27. 27. 26 Alcohol guidelinesguidelines will be limited”.109The Department of Health (DH) has acknowledged that“public understanding of both unit measures (especially for wine) [...] needs to improve”.11043. The Association of Small Direct Wine Merchants pointed out that “a UK unit justhappens to be the same as [one centilitre] of alcohol”, (which is equivalent to 10 ml) andsuggested that units should be replaced by centilitres (cl).111In contrast, Professor AverilMansfield, British Medical Association, said:It is pretty clear that the units that we have at present are as good a way as any ofdescribing the amount of alcohol that we consume. A lot of effort has been put intomaking them understood by the general public. For better or worse, the messageshould be retained because it is now fairly widely understood. [...] The other ways, inmilligrams or millilitres, are rather complicated, and we need something simple andstraightforward.112Jeremy Beadles, Chief Executive of the Wine and Spirit Trade Association added that “theimportant thing is that we stick with what we have. Changing now would set us back a longway”.113Drinkaware was optimistic, and stated:Between 2007 and 2010, the UK Government carried out a series of unit guidelinecampaigns, spending about £4 million in 2008–2009. The impact of these campaignsalongside those run by Drinkaware has led directly to an increased awareness andunderstanding of unit guidelines and how they translate to individual drinks. It isour belief that although there are still significant numbers of consumers to inform,we are certainly approaching a ‘tipping point’ with consumers and that many moreare beginning to understand units on a practical level.11444. Public awareness of alcohol units appears to be high, but there are problems withpublic understanding of how many units are in alcoholic beverages. We see no reasonwhy the established concept of alcohol units should be changed. We consider thatefforts should be focused on helping people to translate the concept of alcohol unitsand sensible drinking guidelines into practice.Changing behaviour45. Despite high levels of awareness of units, the ONS survey showed that of the 90 per centof drinkers in the survey group who had heard of units, only 13 per cent kept a check onthe units they drank on a daily, weekly and/or other basis.115This had not improvednoticeably since 1997: the average between 1997 and 2009 was around 13 per cent, withwomen slightly more likely to keep a check than men (despite the fact that men were more109Ev 56, para 6.2110Ev 30, para 26111Ev w4, para 3.3112Q 35113Q 35114Ev 56, paras 6.1–6.2115Office for National Statistics, Opinions Survey report No. 42, Drinking: Adults’ behaviour and knowledge in 2009, 2010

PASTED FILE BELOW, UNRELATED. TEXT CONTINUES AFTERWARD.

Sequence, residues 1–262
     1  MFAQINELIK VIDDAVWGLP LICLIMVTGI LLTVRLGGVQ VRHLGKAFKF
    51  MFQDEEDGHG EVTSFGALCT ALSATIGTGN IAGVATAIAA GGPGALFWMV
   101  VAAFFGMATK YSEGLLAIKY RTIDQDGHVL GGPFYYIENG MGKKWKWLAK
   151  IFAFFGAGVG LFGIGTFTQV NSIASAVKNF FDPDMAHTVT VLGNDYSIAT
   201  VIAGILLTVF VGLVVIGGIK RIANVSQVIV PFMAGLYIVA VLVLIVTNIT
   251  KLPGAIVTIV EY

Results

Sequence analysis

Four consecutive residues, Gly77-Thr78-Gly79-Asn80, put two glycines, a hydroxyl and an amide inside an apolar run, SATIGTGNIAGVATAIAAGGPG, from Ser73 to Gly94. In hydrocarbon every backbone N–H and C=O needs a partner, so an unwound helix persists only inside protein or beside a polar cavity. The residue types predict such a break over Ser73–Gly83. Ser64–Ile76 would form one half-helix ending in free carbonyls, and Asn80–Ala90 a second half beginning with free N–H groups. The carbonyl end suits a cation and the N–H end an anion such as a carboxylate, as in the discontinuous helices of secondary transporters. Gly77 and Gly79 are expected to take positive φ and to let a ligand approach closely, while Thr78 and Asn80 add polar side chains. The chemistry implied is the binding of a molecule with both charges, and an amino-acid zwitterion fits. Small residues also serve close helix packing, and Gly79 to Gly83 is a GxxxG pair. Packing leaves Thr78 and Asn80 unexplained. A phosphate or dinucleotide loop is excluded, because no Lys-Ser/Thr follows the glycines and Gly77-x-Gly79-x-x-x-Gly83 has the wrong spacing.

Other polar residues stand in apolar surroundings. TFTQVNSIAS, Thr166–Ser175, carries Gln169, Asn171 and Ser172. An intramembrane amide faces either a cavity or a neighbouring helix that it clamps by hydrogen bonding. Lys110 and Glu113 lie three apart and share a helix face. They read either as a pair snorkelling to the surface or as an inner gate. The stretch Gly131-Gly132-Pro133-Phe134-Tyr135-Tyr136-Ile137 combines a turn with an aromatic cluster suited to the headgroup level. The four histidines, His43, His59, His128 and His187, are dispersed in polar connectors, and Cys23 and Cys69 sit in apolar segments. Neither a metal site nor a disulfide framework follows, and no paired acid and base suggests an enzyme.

28. 28. Alcohol guidelines 27likely to drink heavily). Furthermore, women who did keep a check on units were slightlymore likely to do so on a weekly basis (6 per cent) than on the daily basis (2 per cent)suggested by the government’s current advice on sensible drinking, but there was nodifference among men. 116The ONS added that “it should be noted, however, that since byno means everyone who drank each type of drink knew what a unit of that drink was, it islikely that in some cases the check they were keeping was inaccurate”.11746. The Institute of Alcohol Studies (IAS) stated that “there is much debate both in the UKand internationally about the efficacy of drinking guidelines as a policy to reduce alcoholharm”.118The IAS considered that:whilst guidelines have a role to play in educating the public and increasingknowledge about the risks of alcohol, they have not been proven to be effective atchanging behaviour. The pharmacological properties of alcohol, which include lossof inhibitions in the short term and dependence in the long term, make it impracticalto rely on a ‘nudge’ framework119of ‘rational man making informed decisions’ aboutdrinking alcohol to effect behaviour change.120Dr Marsha Morgan, IAS, stated:The Government have an obligation to provide, on the basis of the best evidence,information about the risks of alcohol intake so that the general public can makeinformed decisions. [...] the purpose of the guidelines [...] is to inform.121We queried whether it would be possible to conduct research that would identify whetherthe guidelines had an effect on changing drinking behaviour. Dr Morgan replied:One of the difficulties is that it would have to be a two-tiered approach. If our basicpremise is to provide guidelines in order to inform the public, we would first have tosee whether they are actually informed. In other words, you would have to look at ascenario whereby you questioned a group of people, provided information on theguidelines and then revisited the matter. Running in parallel, or even sequentially,you would then look at individuals’ drinking behaviour and see whether theacquisition of knowledge had changed it. It would be a two-step procedure; whetherit was done in parallel or sequentially would be up to the individuals designing thestudies. It could be done, but it would be a difficult piece of research.12247. The joint written submission from the British Beer & Pub Association, The NationalAssociation of Cider Makers, The Scotch Whisky Association and The Wine and Spirit116Office for National Statistics, Opinions Survey report No. 42, Drinking: Adults’ behaviour and knowledge in 2009, 2010,p 58117Office for National Statistics, Opinions Survey report No. 42, Drinking: Adults’ behaviour and knowledge in 2009, 2010,p 58118Ev 75, para 2119The nudge framework refers to the use of non-regulatory interventions that seek to influence behaviour by alteringthe context or environment in which people make choices.120Ev 75, para 2121Q 2122Q 6